The overly serious musicologist shrinks from pronouncing the words Trout Quintet. He is well aware that this "subtitle" did not originate with Franz Schubert, who wrote the quintet for piano, violin, viola, cello and double bass in A major, D. 667 (Op. posth. 114) in 1819. And indeed, the choice of epithets for works by other composers has at times been unfortunate; indeed, taking into consideration the content ot the entire work, one might even say misrepresentative, or distracting. For instance, take the occasionally odd popular titles given to Haydn's symphonies - frequently based only on passing phenomena - which, of course, had never been the intention of the creator.
The popular title of the Quintet, D. 667, which was completely ignored in Schubert's day, refers to the lied Die Forelle, which the composer had written sometime between the winter of 1816 and the following summer. He provides variations of this song in the fourth movements, which often sound humorous and cheerful. However, the story behind the creation of the poem is neither buoyant nor cheering.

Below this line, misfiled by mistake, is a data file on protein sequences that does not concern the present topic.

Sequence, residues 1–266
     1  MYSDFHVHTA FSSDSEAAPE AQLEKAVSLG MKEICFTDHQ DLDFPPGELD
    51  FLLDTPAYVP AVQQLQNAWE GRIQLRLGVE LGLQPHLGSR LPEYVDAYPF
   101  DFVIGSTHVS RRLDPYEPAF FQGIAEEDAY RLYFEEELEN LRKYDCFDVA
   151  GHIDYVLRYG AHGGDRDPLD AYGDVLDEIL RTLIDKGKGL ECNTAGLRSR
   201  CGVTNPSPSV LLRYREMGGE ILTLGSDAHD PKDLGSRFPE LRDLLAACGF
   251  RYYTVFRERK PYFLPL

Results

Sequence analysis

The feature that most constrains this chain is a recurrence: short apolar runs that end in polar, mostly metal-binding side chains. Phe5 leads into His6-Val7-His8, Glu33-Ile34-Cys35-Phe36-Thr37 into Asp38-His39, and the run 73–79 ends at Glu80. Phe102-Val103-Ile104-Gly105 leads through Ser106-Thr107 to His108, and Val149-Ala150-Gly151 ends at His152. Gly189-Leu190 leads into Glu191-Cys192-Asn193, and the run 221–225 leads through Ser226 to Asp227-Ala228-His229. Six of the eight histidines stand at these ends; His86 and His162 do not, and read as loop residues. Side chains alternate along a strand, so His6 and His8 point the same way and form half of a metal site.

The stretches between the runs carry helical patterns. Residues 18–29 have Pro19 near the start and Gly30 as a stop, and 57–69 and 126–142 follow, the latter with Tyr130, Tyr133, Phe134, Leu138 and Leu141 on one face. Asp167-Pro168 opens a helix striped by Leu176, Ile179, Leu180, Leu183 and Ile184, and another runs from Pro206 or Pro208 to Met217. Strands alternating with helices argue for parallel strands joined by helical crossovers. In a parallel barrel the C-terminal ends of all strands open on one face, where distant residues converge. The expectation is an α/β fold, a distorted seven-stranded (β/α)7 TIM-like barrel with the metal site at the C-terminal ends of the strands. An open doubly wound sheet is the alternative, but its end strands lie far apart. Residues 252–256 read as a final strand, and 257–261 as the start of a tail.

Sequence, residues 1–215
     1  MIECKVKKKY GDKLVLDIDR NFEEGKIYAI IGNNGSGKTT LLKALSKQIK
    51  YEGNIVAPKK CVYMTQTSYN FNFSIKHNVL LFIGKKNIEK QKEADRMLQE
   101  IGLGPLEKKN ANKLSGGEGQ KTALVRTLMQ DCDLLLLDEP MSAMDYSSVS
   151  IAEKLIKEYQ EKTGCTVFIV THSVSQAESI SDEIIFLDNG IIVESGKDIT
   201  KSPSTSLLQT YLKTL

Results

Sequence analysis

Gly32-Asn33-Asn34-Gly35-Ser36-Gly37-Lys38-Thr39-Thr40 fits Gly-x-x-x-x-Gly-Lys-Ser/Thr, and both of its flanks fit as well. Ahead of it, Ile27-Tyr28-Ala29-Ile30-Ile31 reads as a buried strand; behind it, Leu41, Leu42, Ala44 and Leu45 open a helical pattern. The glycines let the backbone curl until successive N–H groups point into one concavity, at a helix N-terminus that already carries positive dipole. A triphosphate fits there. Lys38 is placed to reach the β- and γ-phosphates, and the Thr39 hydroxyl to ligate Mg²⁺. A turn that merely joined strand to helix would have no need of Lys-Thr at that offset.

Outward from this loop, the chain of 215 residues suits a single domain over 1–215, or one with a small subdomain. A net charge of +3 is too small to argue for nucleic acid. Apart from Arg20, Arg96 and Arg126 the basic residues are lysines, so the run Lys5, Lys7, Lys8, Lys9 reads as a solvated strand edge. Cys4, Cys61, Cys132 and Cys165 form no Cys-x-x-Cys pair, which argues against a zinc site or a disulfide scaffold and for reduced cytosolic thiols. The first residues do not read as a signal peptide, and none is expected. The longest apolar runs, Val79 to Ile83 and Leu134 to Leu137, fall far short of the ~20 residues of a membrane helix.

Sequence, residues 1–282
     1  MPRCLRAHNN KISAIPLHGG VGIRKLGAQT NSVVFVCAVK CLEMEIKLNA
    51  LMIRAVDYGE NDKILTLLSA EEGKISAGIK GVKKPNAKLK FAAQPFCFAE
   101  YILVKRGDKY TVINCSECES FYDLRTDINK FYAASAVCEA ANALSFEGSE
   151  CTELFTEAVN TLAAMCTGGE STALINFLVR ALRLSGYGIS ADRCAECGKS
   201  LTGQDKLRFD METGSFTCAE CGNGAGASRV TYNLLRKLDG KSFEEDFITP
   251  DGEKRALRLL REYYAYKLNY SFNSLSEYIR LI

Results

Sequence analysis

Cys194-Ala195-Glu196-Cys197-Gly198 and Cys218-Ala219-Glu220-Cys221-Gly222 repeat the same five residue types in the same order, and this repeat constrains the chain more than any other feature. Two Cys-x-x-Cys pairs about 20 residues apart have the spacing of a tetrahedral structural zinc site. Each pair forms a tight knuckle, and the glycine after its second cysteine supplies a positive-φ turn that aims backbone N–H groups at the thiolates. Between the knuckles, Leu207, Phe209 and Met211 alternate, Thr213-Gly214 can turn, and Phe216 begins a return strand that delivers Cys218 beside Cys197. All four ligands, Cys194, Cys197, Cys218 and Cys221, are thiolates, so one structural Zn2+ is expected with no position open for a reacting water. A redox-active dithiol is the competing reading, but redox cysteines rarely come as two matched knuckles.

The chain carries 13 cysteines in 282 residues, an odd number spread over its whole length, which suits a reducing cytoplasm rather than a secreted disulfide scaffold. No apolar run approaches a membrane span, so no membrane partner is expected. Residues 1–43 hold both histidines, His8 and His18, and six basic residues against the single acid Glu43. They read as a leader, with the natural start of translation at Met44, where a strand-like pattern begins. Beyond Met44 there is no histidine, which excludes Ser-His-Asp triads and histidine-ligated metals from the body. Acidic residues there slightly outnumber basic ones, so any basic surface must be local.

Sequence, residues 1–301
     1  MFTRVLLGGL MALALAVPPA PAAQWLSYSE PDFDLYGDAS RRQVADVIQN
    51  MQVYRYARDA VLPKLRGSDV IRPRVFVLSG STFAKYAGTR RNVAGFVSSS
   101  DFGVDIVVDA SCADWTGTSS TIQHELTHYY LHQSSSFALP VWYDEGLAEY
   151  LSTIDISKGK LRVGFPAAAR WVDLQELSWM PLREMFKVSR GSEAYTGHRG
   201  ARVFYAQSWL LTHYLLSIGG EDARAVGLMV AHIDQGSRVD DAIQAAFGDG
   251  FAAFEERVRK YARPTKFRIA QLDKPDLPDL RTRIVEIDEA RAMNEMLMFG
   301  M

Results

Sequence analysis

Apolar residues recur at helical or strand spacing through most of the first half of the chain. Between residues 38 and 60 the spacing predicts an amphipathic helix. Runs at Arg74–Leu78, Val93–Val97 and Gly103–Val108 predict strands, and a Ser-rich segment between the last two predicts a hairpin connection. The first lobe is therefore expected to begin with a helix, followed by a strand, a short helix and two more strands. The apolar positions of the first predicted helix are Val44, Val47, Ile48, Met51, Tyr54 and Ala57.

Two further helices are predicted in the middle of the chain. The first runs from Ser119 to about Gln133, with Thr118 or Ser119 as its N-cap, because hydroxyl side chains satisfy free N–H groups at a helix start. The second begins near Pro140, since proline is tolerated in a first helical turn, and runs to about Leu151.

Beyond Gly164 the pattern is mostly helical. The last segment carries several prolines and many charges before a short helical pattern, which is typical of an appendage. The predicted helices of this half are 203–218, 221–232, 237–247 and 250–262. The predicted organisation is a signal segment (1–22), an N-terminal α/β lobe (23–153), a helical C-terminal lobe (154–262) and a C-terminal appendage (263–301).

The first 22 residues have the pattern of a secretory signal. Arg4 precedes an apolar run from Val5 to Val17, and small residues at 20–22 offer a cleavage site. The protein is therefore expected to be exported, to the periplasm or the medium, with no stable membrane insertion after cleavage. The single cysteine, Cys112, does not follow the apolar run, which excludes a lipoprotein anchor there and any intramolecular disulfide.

On the contrary: it is serious and extremely unpleasant, at any rate, for the writer of the text, Christian Daniel Fredrich Schubart (1739 - 1791).
Schubart wrote the poem while imprisoned in the mountain fortress Hohenasperg near Stuttgart. In the mountain fortress, Schubart wrote the poem of the trout, thus symbolizing the loss of his own freedom in the fable of the little creature, at first still so merry, which is deceived, imprisoned and deprived of its natural habitat. So the origin of Schubart's poem had nothing to do with cheerfulness or a leisurely fable for children. And yet the song itself and, in particular, the quintet as a whole is a zippy piece of music in the truest sense of the word, and the title Trout Quintet (without quotation marks) sits well on it, in spite of any musicological scruples.